Studies have found that areas with higher proportions of same-sex couples saw increased amounts of hazardous air pollutants compared with areas with lower proportions of same-sex couples. This has resulted in LGBTQIA2S+ people suffering higher rates of chronic diseases associated with environmental exposure, such as respiratory diseases, cardiovascular disease, and cancer. Half of Black gay and bisexual men have HIV, and Black transgender women are also particularly affected. Air pollution can cause and worsen conditions such as pneumonia and tuberculosis (TB) in HIV-positive individuals. For example, exposure to particles found in dust, such as from construction sites, smoke from waste burning, or nitrogen dioxide from car fumes, has been associated with an increased risk of pneumonia hospitalization in people with HIV. Given their compromised immunity, people with HIV are particularly distressed by poor air and water quality, and during environmental disasters can suffer disproportionately from lack of lifesaving medications and lack of access to health centers.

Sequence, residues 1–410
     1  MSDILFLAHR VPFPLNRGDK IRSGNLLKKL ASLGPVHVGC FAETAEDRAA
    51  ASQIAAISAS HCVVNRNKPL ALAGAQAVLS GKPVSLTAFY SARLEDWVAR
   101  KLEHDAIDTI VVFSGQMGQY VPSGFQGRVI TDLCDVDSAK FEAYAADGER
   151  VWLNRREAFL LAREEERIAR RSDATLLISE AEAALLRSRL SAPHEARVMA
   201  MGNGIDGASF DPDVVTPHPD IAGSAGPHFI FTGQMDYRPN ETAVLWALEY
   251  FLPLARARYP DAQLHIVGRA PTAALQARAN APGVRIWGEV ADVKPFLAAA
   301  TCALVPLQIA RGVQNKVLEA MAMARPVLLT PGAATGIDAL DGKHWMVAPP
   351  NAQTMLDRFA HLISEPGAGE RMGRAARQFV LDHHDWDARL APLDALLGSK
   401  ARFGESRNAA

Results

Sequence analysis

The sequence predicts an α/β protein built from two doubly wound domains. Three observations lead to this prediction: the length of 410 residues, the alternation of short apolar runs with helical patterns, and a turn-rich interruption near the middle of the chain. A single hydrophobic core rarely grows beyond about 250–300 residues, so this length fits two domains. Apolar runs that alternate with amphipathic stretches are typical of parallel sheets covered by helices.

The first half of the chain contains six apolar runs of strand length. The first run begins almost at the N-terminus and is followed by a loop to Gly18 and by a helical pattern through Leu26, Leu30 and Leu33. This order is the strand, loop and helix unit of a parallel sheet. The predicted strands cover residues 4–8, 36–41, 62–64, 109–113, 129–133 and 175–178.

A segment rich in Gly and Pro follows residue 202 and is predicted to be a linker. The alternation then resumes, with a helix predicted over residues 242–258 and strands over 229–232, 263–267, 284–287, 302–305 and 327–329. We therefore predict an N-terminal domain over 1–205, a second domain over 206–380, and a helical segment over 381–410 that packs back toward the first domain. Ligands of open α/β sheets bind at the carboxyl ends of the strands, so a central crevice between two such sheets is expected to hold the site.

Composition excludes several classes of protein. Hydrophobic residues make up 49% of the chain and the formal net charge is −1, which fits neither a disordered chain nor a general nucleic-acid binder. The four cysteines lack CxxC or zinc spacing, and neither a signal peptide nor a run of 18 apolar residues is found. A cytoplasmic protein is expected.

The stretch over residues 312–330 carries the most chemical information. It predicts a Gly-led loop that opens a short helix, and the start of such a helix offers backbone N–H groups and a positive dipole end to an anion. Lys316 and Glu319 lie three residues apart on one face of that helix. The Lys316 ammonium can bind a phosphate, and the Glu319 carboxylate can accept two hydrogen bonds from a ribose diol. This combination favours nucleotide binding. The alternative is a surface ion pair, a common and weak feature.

Additionally, queer communities face greater exposure to toxics from unsafe beauty products. Hair straighteners, skin lighteners, and makeup products can be packed with harmful chemicals that can leave negative impacts on the body. Many of these toxic products are disproportionately aimed at women and femme identified people of color. WE ACT hosted a panel on the topic of Beauty Justice for Pride Month in 2021, which featured a panel of researchers, advocates, and queer drag performers discussing the toxic chemicals found in beauty and other personal care products and their impact on the queer community.